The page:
Drum Corps International
Post-season relationships (an essay)

Post-season relationships (an essay)

by Drum Corps International

By Flo Brown
Glassmen
CrAzYMoFLo@aol.com
It happens to the best of us, even more so when we try to resist it.

Flo Brown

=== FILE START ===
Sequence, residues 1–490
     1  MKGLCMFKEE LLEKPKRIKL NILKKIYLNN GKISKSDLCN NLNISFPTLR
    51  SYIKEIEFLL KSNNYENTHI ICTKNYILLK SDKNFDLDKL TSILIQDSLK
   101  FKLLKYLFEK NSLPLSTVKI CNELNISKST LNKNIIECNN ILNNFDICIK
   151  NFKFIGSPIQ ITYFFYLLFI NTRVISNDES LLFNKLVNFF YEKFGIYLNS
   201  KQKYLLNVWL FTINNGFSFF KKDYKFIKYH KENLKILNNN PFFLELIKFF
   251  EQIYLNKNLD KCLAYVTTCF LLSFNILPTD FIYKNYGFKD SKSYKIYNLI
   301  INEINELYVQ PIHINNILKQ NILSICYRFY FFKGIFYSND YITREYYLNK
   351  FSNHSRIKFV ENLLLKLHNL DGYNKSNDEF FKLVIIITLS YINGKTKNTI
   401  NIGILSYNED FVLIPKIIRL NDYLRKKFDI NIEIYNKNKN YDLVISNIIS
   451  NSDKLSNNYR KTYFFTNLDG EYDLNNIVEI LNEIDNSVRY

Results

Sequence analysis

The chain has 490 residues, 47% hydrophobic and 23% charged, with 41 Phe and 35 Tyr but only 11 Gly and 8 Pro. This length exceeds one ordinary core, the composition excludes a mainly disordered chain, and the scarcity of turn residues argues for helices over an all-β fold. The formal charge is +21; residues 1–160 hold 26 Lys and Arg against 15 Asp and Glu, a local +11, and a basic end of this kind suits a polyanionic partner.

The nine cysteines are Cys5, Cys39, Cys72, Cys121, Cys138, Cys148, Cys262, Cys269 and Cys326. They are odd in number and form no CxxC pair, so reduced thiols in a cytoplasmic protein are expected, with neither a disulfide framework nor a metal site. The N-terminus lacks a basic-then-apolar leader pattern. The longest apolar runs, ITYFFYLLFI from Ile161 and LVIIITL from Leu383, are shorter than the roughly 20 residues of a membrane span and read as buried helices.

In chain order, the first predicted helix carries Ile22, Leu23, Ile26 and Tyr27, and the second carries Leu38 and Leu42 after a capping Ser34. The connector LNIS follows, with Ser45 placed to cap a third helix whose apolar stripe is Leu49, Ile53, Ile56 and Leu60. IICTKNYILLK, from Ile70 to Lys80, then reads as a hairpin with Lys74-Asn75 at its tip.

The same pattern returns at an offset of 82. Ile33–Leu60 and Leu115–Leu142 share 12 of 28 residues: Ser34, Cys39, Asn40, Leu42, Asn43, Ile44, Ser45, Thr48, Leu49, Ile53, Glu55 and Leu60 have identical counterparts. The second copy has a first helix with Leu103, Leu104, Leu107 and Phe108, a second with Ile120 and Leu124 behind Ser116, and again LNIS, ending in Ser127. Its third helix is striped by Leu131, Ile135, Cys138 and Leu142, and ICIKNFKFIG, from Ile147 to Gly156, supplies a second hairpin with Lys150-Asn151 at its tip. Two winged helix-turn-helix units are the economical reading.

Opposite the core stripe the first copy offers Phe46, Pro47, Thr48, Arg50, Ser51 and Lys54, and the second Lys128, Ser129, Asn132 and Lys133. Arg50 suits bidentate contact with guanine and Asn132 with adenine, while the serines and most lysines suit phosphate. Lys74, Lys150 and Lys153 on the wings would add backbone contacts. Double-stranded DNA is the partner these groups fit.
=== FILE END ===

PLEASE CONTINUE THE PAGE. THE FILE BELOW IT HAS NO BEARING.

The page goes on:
Between the breakneck schedule, the hectic rehearsals and the stressful shows, avoiding attachment to the people around you is impossible. They represent strength and stability, and they offer a sense of "home" amidst the chaos (as Krista explained in her last article). ^But sometimes that familiarity is impossible to let go of. Sometimes two people become so dependent on each other that their relationship doesn't simply end at DCI Finals ... and that's when it gets messy. Post-drum corps long-distance relationships are usually regarded like an illness, or a social defect. When I began catching up with my friends after a one-month recovery period, they all said the same thing about my relationship: "Aww poor thing. I thought you two broke up already," followed by the obligatory, "but good luck anyway!" Gee, thanks for the vote of confidence. Tricky? Yes. Impossible? Sometimes. People are afraid to say it, but having a long-distance relationship at this age won't work unless the people involved are serious about each other. Whether they intend on marching together again or they've got bigger plans, the minimum requirement is that they're willing to commit off-season time to see each other. It seems easy enough, but there are several circumstances to consider before taking the plunge. You will only get as much as you put in. This holds true for any relationship, but when the distance divides you, the required effort multiplies. If you decide that school or work is going to prevent you from calling every night, realize that it'll put a strain on your relationship. You have to need each other equally. Transportation. If you live in the same state, you are among a lucky minority. I've been flying between Dallas and San Francisco for more than a year now, at a cost of well over $2,000. This doesn't include my trips to audition and rehearsal camps. Time. Does this phrase sound familiar? "I'm sorry, I meant to call you but I was really busy and I lost track of time." In a normal relationship it would be OK, but when that call is your only link to each other, it monopolizes trust and causes arguments. Loyalty. How willing are you to set aside others in favor of someone you barely see? It's one of the biggest obstacles you'll have to overcome, because you'll have to trust both the person you're with AND yourself. Temptations are strong during college, especially with the introduction of new people in your life. Can you deal with skepticism from all sides? As I mentioned earlier, friends will question your relationship (sometimes even argue it) and you'll have to remain strong in your loyalty. As scary and pessimistic as all that sounds, long-distance relationships can and do work - and they're worth it. I've been with Steve since July 2002, and though I could definitely have done without the stress my freshman year of college, I could never have gone without his strength. In January I'm moving to Texas, and I couldn't be more sure of anything in my life. Good luck to those of you who seek a similar goal. Florence Brown's previous essay Florence Brown, 19, is a journalism major (with a minor in dance) at San Francisco State University. This spring, she will transfer to the University of North Texas. She marched with the Glassmen in 2002 and 2003, and with the San Jose Raiders World in 2003.

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